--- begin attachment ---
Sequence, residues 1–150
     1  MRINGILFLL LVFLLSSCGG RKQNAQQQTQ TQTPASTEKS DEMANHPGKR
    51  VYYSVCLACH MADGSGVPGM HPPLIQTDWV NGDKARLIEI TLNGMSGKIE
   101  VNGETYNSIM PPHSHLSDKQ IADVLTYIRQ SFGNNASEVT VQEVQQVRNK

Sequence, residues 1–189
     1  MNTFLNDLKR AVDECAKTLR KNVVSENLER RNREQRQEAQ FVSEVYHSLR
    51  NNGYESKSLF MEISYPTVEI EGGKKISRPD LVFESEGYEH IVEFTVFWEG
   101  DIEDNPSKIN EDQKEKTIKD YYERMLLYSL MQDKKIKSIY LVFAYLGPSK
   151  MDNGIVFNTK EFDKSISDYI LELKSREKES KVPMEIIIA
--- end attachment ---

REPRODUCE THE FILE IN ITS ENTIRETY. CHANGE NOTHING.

Sequence, residues 1–150
     1  MRINGILFLL LVFLLSSCGG RKQNAQQQTQ TQTPASTEKS DEMANHPGKR
    51  VYYSVCLACH MADGSGVPGM HPPLIQTDWV NGDKARLIEI TLNGMSGKIE
   101  VNGETYNSIM PPHSHLSDKQ IADVLTYIRQ SFGNNASEVT VQEVQQVRNK

Sequence, residues 1–189
     1  MNTFLNDLKR AVDECAKTLR KNVVSENLER RNREQRQEAQ FVSEVYHSLR
    51  NNGYESKSLF MEISYPTVEI EGGKKISRPD LVFESEGYEH IVEFTVFWEG
   101  DIEDNPSKIN EDQKEKTIKD YYERMLLYSL MQDKKIKSIY LVFAYLGPSK
   151  MDNGIVFNTK EFDKSISDYI LELKSREKES KVPMEIIIA